Catholics Demand Removal of TX Bishop

News: US News
by Christine Niles  •  •  June 12, 2019   

Mandate: Bp. Michael Olson 'has become ineffective and harmful'

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FORT WORTH, Texas ( - Frustrated Texas Catholics are petitioning the pope to remove Bp. Michael Olson from the diocese of Forth Worth.

At least nine canonical cases are being filed against the bishop, among them one involving his treatment of whistleblower Fr. Richard Kirkham, forced to resign after reporting misconduct from a fellow priest.

I currently have 1,500 pages of evidence in the case.

"I currently have 1,500 pages of evidence in the case," Philip Gray, canonical advisor to the group of lay Catholics, told the Fort Worth Star Telegram. He said he has never witnessed such proceedings brought against a bishop in his more than two decades of legal work.

Several months ago, a "very large number" of Catholics in the diocese started requesting Gray's help.

"I realized there was one particular remedy that would be helpful across the board," Gray said, "and that is the removal of Bishop Olson."

According to a mandate signed by hundreds of parishioners, Olson is deemed to have become "ineffective and harmful" as a bishop.

A group that calls itself FRK Advocates launched a petition last year urging a Vatican investigation into Bishop Olson, specifically his forcible removal of Fr. Kirkham from his parish.

"Since his ordination as our Bishop in January of 2014, Bishop Olson has operated against canon law on numerous occasions, has employed abusive language and vindictive actions against priests and the lay faithful in our diocese," the petition reads. "He has lied to several faithful laity."

The petition sets forth a list of grievances against Olson, including:

  • Verbal abuse to several diocesan priests in the Fort Worth Diocese
  • Abusive and/or demeaning conduct towards parishioners whom he referred to as "merely sheep" or "nasty people"
  • Unfair damage to the reputation of priests through his actions
  • Lying to lay faithful on multiple occasions
  • Angry speech towards lay faithful
  • High turnover of Diocesan staff, especially those in direct contact with Bishop Olson
  • Loss of seminarians in the Diocese due to poor morale and leadership
  • Loss of donors to capital campaigns
  • Loss of donors to weekly stewardship at multiple parishes
  • Loss of lay volunteers in ministry at multiple parishes due to poor morale and division
  • Refusing to grant audience to parishioner and leadership of parishes on items of concern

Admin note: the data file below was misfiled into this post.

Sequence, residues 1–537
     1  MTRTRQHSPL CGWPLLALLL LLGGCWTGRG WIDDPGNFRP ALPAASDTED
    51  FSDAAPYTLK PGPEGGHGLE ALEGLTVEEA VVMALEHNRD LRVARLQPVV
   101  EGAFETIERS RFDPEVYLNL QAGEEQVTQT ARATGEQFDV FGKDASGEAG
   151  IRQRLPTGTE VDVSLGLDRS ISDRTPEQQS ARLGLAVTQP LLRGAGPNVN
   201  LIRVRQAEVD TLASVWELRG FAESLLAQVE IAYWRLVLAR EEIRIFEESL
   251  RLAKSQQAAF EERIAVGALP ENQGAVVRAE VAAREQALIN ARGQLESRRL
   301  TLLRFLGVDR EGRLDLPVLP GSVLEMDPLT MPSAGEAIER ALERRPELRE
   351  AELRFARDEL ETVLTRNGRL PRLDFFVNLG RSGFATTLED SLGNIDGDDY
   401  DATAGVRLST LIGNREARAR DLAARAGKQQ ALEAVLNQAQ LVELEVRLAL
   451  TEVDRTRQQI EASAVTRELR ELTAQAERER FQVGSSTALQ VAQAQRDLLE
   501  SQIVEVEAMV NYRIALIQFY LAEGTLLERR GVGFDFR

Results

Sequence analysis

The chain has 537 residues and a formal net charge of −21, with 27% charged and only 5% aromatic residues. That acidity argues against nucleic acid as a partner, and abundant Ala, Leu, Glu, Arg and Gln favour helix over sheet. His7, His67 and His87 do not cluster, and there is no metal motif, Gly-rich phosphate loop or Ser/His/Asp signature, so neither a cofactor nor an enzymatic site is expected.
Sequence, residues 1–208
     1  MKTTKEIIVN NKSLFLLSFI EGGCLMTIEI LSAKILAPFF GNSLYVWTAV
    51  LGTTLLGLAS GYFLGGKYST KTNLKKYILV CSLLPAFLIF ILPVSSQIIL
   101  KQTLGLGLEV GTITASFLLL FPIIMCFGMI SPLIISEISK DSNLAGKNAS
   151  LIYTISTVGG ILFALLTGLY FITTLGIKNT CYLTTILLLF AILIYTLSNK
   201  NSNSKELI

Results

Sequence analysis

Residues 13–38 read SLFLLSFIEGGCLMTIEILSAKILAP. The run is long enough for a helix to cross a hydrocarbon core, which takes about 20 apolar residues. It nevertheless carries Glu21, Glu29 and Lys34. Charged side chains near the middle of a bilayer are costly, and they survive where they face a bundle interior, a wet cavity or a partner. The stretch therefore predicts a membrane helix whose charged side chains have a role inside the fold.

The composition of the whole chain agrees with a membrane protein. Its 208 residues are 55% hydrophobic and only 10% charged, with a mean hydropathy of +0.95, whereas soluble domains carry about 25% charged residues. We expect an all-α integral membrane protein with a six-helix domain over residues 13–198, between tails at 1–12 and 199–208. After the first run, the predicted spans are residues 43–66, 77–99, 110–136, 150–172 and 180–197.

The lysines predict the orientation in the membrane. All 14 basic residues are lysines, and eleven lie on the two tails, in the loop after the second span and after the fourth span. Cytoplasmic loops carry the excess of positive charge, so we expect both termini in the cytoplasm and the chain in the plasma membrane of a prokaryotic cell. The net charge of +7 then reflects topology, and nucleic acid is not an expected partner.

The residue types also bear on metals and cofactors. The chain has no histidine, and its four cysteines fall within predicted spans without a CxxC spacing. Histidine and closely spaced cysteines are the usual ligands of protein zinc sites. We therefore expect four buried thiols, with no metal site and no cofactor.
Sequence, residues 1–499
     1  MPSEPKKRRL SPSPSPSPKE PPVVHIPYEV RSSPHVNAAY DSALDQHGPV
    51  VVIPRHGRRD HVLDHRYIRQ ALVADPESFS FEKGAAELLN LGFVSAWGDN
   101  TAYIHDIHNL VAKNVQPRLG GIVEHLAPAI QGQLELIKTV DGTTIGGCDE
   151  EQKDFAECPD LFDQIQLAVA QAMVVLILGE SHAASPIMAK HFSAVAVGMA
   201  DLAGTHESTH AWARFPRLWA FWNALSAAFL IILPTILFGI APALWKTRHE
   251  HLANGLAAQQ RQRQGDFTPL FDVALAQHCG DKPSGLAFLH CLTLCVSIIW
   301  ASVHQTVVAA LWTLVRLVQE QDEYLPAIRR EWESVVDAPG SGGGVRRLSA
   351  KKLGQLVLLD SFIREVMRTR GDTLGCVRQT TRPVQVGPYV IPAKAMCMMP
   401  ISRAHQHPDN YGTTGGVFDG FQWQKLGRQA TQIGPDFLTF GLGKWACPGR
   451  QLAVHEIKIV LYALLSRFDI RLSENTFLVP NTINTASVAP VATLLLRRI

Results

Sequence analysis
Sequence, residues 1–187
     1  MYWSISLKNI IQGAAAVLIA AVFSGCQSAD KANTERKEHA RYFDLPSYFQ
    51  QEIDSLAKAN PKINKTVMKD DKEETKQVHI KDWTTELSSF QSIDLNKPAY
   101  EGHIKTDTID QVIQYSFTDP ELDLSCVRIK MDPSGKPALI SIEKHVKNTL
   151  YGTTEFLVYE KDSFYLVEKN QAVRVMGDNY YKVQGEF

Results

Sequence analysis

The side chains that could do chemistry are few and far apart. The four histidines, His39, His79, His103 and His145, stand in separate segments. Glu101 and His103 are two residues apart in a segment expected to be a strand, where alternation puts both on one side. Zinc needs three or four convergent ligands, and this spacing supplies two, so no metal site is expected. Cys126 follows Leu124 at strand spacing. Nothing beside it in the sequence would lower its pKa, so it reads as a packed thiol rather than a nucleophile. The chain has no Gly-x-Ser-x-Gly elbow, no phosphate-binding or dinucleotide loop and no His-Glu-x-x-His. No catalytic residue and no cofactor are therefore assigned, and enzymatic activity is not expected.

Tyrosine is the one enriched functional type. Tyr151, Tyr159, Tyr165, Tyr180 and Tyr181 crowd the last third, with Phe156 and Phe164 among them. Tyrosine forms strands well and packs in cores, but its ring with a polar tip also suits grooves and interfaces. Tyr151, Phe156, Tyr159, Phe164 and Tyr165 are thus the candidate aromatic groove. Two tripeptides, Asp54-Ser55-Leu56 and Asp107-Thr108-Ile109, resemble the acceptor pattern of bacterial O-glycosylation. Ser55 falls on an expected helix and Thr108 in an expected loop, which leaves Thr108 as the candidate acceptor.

Olson responded to the petition last December, dismissing the group as "a handful of people with their own agenda."

"I don't think [Olson] has dealt with Fr. Kirkham in a fair way," said Kirkham's attorney, Jack Walsh, in comments to Church Militant at the time.

The circumstances leading to Kirkham's removal began when he learned of a priest in Dallas engaging in an affair with a woman in his parish. Kirkham admonished the priest to end the affair, but found out three months later the affair was still ongoing. His attempts to correct the priest were met with anger, and he tried to resolve the matter through a letter to the priest, saying he would report his actions to the diocese if the priest did not end his relationship.

When the bishop learned of the letter, instead of correcting the priest engaged in the affair, he punished Kirkham by removing him from his parish.

Attack on Texas Right to Life

Last year, Olson spearheaded an unprecedented attack on Texas Right to Life over disagreements regarding various life issues and politics.

Texas Right to Life (TRTL), under the leadership of devout Catholic Jim Graham, has been at odds with the Texas Conference of Catholic Bishops over its voters guide, as well as disagreements over the Texas Advanced Directives Act.

The bishops have consistently backed GOP candidates who tend to compromise on pro-life legislation, whereas TRTL has backed solidly pro-life candidates.

The bishops' conference has also supported the Texas Advanced Directives Act (TADA), which allows a "death panel" to determine whether a patient lives or dies, regardless of the patient's own wishes or that of his family. The panel, comprised many times of hospital staff, poses an unethical conflict of interest, as decisions on continuing or ending life-saving treatment should be based solely on the patient's best interest, but more often seem to be based on the hospital's financial concerns.

The bishops support the law as adequate in respecting patients' dignity and rights, while TRTL has fought the law for failing to protect vulnerable patients.

Last year, Olson, who is active on Twitter, required all the priests in his diocese to read a statement denouncing TRTL, and even encouraged parishioners to report to him any priests who failed to read it out at Mass. He was widely criticized by Catholics for encouraging parishioners to spy on their own priests.

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